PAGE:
M. Night Shyamalan is a peculiar director. A man whose career has been through several ups and downs, though more often than not people can't seem to agree which are the hits and which ones the misses. Nevertheless, Shyamalan has always managed to straighten his back after one of his films got shot down by the critics or bombed at the box office. He also evolved from being a one-trick pony to becoming a more fleshed out director, so going through his oeuvre is definitely a rewarding experience and is sure to unearth some worthy films.
Even though Shyamalan is a well-known director, many people (including myself) never got around to watching his first two films. He released his very first film in '92, but Praying with Anger never made much of a dent, not in the least because the film lacks mainstream distribution. Six years later Shyamalan would direct Wide Awake, a cheesy looking sports comedy with religious undertones. Not quite the crowdpleaser either, but at least it's more readily available for those who want to take the plunge.
Shyamalan's career really took off in '99, when he released The Sixth Sense and switched to the horror/mystery genre. The film went on to become a pop culture phenomenon, endlessly referenced by songs, films and series and ultimately defined by its twist ending. While Shyamalan definitely deserves praise for these accomplishments, the film itself really isn't all that great and its rewatch value is quite disappointing. The same can be said about his followup, Unbreakable, though again Shyamalan deserves credits for the novel way he incorporated the superhero theme into that film.
Signs was Shyamalan's first film I found successful beyond the twisty character of its narrative (and in fact, wasn't all that twisty to begin with). It's a moody, fun and sneaky alien invasion flick that leaves little to the imagination, but at least doesn't pretend to be anything more. It's a shame Shyamalan's next film (The Village) turned out to be the worst thing he ever directed. Still, many people are in love with it and its love it or hate it status became infamous, so your mileage may vary.
When Shyamalan thrives on narrative I tend to get bored real fast, luckily he also made a couple of films that explore more original concepts. Lady in the Water is a modern (somewhat darker) fairytale that oozes atmosphere. It's my favorite Shyamalan, which isn't too surprising knowing that Christopher Doyle handled the cinematography. He followed up with The Happening, a pretty delightful and freaky eco-horror that delivers a novel and atmospheric payback on humanity by none other than Mother Earth.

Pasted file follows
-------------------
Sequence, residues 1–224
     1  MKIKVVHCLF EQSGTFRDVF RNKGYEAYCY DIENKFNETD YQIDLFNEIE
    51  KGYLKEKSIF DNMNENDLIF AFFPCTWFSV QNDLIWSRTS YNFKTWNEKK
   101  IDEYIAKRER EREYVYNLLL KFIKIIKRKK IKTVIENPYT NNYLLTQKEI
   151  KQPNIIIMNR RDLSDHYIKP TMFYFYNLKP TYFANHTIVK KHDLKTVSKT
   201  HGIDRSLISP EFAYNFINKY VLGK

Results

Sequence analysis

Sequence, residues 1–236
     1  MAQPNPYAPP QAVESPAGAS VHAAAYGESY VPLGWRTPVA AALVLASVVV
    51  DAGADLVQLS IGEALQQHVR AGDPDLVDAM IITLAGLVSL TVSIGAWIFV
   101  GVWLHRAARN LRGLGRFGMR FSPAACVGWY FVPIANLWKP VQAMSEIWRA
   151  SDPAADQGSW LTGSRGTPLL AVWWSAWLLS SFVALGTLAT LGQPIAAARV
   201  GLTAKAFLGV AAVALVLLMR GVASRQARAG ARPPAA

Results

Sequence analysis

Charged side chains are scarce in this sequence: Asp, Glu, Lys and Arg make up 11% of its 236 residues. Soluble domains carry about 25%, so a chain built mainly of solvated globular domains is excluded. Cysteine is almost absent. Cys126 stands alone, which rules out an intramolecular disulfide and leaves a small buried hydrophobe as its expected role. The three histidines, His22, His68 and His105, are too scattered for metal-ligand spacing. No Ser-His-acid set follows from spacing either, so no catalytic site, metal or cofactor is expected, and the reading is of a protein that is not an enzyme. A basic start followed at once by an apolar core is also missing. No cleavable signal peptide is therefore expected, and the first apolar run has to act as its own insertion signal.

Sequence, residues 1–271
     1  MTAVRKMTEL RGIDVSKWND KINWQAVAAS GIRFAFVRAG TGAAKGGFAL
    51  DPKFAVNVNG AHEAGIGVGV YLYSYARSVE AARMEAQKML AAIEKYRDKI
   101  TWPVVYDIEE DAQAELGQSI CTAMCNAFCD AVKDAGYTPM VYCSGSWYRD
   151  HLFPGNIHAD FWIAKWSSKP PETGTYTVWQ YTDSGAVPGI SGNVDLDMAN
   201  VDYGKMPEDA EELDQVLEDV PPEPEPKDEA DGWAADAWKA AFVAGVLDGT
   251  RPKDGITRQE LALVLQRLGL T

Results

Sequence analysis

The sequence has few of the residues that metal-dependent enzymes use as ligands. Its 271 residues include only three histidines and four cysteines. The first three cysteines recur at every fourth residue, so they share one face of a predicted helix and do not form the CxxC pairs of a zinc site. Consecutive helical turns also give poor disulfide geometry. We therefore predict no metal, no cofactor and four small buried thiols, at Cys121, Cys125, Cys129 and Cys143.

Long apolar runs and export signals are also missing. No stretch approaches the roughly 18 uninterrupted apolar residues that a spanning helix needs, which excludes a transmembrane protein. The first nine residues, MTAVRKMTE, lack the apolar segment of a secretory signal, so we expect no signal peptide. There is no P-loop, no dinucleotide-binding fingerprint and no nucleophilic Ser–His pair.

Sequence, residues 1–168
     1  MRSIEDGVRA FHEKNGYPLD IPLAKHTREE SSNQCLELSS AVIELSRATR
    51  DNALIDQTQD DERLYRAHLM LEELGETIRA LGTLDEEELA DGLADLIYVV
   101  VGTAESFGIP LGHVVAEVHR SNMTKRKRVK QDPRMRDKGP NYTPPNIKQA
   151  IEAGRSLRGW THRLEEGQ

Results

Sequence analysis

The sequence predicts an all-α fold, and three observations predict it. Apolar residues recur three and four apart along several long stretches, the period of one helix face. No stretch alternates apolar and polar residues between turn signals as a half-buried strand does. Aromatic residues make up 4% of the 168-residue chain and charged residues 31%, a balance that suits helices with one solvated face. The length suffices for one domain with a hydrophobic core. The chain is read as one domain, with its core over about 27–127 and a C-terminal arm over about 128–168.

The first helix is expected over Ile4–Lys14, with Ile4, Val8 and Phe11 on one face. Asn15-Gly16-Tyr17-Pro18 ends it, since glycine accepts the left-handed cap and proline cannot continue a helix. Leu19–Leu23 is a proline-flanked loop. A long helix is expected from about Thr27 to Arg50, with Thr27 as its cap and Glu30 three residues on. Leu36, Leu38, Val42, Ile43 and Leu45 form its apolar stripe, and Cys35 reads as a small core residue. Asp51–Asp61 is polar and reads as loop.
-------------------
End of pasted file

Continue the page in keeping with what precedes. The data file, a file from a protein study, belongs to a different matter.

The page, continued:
With that out of his system Shyamalan went on a little commercial Hollywood adventure, starting with the adaptation of The Last Airbender. I never watched the original animation, which probably made the film a bit more bearable for me, but for a blockbuster it sure turned out lackluster. Needless to say critics completely annihilated the film. Shyamalan slipped away even further when he took on After Earth, the infamous Will/Jaden Smith scifi collaboration. The movie screams "gun for hire" on every level, a shame for a director who clearly has more up his sleeve.
Luckily Shyamalan knows how to bounce back and with his latest films he really regained his footing. The Visit is a sneaky little mystery thriller and Split another interesting take on the superhero genre. It's a little worrisome that Shyamalan is planning on connecting the Split and Unbreakable universes (which sounds a lot like he's indulging in narrative overhead again), but I think he deserves the benefit of the doubt. When he's at his best, Shyamalan is an interesting director who adds something unique that you won't find anywhere else. Not every film's a hit, but most of them are definitely worth checking out. I'd say it's best to avoid After Earth and The Last Airbender if you're willing to break into his oeuvre, apart from that there's plenty of quaity in his films, you'll just have to find out which ones speak to you the most.
Best film: Lady in the Water (3.5*)
Worst film: The Village (1.0*)
Average rating: 2.55 (out of 5)